Arbitral Meddling: Putting Reliance On 2020 Amendment

On November 4th, 2020, the arbitration and conciliation statute was revised to make India an arbitration-friendly jurisdiction. 1996 was the year when the initial arbitration and conciliation statute was enacted. This updated statute includes provisions for domestic and international arbitration and establishes guidelines for guiding conciliation hearings.3 The key feature of the amendment incorporates automatic stay on awards.

The 1996 arbitration statute empowered a party to obtain the annulment of an arbitral award rendered during the arbitration process. In 2015, the Act was changed to provide that an arbitral award cannot be automatically delayed just because a judicial application is lodged.

Section 36 has been amended to include a clause requiring the court to give an unconditional stay in the event of fraud or corruption and the chance to execute the unconditional stay will be available. It will apply to all arbitration proceedings, regardless of whether the court procedures occurred before to or afterwards to the arbitration Amendment Act, 2015.4

Additionally, this Ordinance amended section 43 of the act to specify that the qualifications, experience, and standards shall be as established by the act. The act's 8th schedule, which specified the credentials and experience required for appointment as an arbitrator, was removed. However, this law is silent on the rule that would establish standards for arbitrator accreditation. The important point to make here is that the courts will now have to interpret the burden or onus of establishing a prima facie evidence of corruption.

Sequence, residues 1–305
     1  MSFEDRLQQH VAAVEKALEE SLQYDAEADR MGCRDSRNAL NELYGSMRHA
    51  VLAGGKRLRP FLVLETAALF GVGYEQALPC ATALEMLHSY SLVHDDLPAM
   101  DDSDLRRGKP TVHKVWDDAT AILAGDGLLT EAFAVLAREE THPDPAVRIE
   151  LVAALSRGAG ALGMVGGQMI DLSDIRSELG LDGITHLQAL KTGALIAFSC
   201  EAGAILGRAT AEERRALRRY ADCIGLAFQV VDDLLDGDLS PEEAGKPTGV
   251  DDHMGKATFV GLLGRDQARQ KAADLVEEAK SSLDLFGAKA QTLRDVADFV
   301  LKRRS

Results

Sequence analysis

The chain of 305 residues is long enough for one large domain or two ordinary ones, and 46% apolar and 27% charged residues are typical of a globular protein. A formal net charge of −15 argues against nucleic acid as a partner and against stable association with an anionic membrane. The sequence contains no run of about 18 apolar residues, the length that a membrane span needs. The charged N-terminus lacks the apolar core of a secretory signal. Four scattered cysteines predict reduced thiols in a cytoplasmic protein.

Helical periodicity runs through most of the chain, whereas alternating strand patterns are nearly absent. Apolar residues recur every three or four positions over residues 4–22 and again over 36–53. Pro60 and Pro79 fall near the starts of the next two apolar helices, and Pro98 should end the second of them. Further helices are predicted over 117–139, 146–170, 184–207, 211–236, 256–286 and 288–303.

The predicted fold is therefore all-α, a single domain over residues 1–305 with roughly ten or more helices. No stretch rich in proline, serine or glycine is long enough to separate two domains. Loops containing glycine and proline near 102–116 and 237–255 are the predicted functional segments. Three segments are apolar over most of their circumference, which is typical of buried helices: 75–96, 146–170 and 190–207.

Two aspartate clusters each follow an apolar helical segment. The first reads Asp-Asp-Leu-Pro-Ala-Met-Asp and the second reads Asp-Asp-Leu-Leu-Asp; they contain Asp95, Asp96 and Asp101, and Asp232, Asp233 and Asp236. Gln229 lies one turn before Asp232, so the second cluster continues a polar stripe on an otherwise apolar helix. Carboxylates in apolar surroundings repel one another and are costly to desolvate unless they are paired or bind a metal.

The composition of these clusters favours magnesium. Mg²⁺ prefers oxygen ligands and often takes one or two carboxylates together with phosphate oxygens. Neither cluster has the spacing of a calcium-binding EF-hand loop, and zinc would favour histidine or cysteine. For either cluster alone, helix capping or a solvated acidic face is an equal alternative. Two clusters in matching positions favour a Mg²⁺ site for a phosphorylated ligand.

This Ordinance indicated that the arbitration agreement may be delayed even during the pendency of the arbitral verdict if the court determines that it is significant for a transaction inspired by corruption or fraud.

Mitigating Problems Against The Growth Of Arbitration

Courts have limited intervention authority under the arbitration and conciliation acts. While parties may still seek protection from the court under Section 17, the extent of the protection is extremely limited and it may only be provided in restricted circumstances. In the event that any party fails to select an arbitrator within thirty days of the request being filed, the parties may still approach the Court for appointment of an arbitrator.

Courts have continued to hold in situations where they broadened the scope of judicial review by holding that judicial intervention is conceivable in the event of an arbitral award that is inconsistent with the contract itself. 5.

Throughout the country, this notion has mostly gone unacknowledged. According to the Supreme Court, "there appears to be no restriction on other parties financing litigation and being compensated when the case concludes.6